I can honestly say that this book has transformed my life in a very positive way. My partner and I both read it, and we were able to draw very practical and simple ways to live, love, and parent more skillfully from Thay's lovely prose. I can honestly say that this book has transformed my life in a very positive way. My partner and I both read it, and we were able to draw very practical and simple ways to live, love, and parent more skillfully from Thay's lovely prose.

  4. 4 out of 5

    Cheryl

    I don't think of myself as having any violence within, but I learned something so important when I saw him speak in Berkeley; that by watching violent shows or movies, I am allowing that energy into my energy and condoning its existence in the universal energy. I am not going to get a gun and shoot someone, but allowing violence to be entertainment only continues the cycle of violence. And I struggle with this; I like some violent movies, but I can make a different choice more often than not. It I don't think of myself as having any violence within, but I learned something so important when I saw him speak in Berkeley; that by watching violent shows or movies, I am allowing that energy into my energy and condoning its existence in the universal energy. I am not going to get a gun and shoot someone, but allowing violence to be entertainment only continues the cycle of violence. And I struggle with this; I like some violent movies, but I can make a different choice more often than not. It also can translate to how a parent acts at their children's sporting events or with each other. "Everyone Loves Raymond" is another example of a show I try to avoid; they are so mean to each other and I think it is sad that we think that is funny. They did an episode where one of the kids school counselors wanted to talk about the terrible psychological effects of being around that meanness constantly, and then they turned it into a joke. The reality shows are all about humans being mean to each other which is why I avoid those too. Personal choices, but at least this book makes you think differently!

  5. 4 out of 5

    Alicia

    I really enjoyed this book. It is about how to create peace for yourself when you are upset and how to help others find peace as well. One thing I really liked about this book is that he talks about the first step to creating peace between you and someone else is deep listening. When we listen deeply and let the other person talk, it gives us a chance to hear their side and their perspective and then we can feel compassion for them instead of anger. I also noticed things here and there in the bo I really enjoyed this book. It is about how to create peace for yourself when you are upset and how to help others find peace as well. One thing I really liked about this book is that he talks about the first step to creating peace between you and someone else is deep listening. When we listen deeply and let the other person talk, it gives us a chance to hear their side and their perspective and then we can feel compassion for them instead of anger. I also noticed things here and there in the book that reminded me of "If God is Love" and "The Power of Now." My favorite thing in this book is that it talked about teaching these ideas to children. Many books I have read about spiritual matters do not address working with children. I really like that this one did and it has some great ideas in it. It also helped me realize that Nakyla is probably using some of these methods on her own, I just wasn't recognizing them.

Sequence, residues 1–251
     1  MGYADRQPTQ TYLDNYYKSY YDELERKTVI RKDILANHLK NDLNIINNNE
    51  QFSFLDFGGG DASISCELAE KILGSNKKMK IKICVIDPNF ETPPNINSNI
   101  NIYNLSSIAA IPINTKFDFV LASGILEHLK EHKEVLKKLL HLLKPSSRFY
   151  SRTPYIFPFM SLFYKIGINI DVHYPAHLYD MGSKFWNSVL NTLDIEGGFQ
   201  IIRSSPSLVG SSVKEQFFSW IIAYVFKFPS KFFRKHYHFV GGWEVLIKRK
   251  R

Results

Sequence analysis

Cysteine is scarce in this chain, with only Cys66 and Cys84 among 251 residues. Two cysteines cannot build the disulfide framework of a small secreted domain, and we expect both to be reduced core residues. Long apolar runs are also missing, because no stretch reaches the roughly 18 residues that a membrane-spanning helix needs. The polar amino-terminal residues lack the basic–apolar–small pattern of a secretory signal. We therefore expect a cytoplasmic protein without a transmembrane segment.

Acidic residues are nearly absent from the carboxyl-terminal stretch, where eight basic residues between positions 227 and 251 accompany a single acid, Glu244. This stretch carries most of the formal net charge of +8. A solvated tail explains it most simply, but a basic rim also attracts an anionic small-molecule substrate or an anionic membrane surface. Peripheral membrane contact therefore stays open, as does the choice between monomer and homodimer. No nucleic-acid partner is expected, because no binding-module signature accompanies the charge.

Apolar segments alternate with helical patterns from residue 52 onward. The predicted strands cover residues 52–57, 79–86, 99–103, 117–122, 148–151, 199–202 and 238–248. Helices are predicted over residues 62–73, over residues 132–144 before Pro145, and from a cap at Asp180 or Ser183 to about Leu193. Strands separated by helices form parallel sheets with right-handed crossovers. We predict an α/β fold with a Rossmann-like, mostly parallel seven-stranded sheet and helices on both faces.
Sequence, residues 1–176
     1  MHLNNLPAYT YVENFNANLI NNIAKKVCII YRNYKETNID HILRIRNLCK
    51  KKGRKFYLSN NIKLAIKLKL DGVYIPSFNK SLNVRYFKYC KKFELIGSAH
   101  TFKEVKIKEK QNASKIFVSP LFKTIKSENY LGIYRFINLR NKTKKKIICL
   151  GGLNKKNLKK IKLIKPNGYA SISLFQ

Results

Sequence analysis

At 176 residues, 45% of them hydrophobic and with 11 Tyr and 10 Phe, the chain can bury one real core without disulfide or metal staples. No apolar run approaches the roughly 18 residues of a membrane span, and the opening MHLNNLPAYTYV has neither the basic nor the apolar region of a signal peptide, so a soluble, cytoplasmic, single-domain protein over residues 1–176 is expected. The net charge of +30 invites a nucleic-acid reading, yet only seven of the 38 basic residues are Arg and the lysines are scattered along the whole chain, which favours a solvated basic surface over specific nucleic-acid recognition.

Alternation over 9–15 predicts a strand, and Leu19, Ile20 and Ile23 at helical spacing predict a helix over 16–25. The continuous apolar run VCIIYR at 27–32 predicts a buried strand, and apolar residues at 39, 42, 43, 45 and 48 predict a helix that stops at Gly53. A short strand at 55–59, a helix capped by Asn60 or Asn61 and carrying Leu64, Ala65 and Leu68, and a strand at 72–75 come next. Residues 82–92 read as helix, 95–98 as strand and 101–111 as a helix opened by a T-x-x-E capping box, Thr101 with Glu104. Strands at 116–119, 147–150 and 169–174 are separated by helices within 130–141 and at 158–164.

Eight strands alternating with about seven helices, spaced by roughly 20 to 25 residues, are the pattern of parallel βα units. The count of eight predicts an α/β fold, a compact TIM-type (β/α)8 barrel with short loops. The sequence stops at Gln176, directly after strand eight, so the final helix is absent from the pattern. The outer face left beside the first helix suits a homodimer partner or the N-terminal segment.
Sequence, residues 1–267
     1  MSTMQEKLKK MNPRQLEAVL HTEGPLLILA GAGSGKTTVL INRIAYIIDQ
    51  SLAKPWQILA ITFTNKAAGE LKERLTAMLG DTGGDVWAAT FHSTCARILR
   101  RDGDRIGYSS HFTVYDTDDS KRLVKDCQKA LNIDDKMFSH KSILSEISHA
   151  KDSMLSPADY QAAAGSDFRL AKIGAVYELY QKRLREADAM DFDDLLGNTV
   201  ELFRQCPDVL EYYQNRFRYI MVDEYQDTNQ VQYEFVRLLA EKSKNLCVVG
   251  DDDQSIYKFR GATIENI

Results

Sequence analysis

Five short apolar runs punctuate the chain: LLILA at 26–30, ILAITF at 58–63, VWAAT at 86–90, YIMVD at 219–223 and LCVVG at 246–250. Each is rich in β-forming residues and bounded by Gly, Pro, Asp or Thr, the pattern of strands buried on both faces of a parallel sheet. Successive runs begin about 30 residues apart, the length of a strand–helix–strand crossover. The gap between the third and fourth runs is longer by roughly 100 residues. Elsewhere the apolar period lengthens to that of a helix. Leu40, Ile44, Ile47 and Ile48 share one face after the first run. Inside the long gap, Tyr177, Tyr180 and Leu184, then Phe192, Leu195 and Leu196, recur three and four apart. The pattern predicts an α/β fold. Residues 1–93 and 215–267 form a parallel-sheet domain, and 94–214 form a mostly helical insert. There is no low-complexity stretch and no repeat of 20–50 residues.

6. 4 out of 5

    Peter Kahn

    I keep on reading books on mindfulness in the hope I'll be able to change my angry ways. Thich Nhat Hanh is always good at helping me to realize that I'm both my greatest helper and obstacle. In this time of strife and war, it is also good to remember that violence and hate breed more of the same. The only way to combat my rage or international problems is through thoughtful listening and partnership. Being pissed off doesn't work, I try over and over with the same results.... I keep on reading books on mindfulness in the hope I'll be able to change my angry ways. Thich Nhat Hanh is always good at helping me to realize that I'm both my greatest helper and obstacle. In this time of strife and war, it is also good to remember that violence and hate breed more of the same. The only way to combat my rage or international problems is through thoughtful listening and partnership. Being pissed off doesn't work, I try over and over with the same results....

  7. 5 out of 5

    Jennifer Wood

    This book is truly life changing. It really illuminates the grasping, violent aspects of our Western culture -- and shows that it is possible to look at the world in a completely different way. It also explains the purpose of meditation and some techniques for meditation in a practical, totally understandable way. I checked this out from the library but have now bought a copy to keep on my shelf as a reference forever. My admiration for the author is boundless.

  8. 4 out of 5

    Jen

    The Buddhist philosophy was good for me to read during a time when I was really stressed out(Breathing in, breathing out). My dad actually recommended the book--he likes the similarity between authors' teachings and his Christian belief system. I agree and I'd like to read more of his books in the future. The Buddhist philosophy was good for me to read during a time when I was really stressed out(Breathing in, breathing out). My dad actually recommended the book--he likes the similarity between authors' teachings and his Christian belief system. I agree and I'd like to read more of his books in the future.

  9. 4 out of 5

    Hillary

    I am really glad that this was the first book I read this year. It was beautifully written and had some great reminders that are often forgotten in our hectic lives. I will definately try to incorporate some of his teachings into my daily routines and life.

  10. 4 out of 5

    Y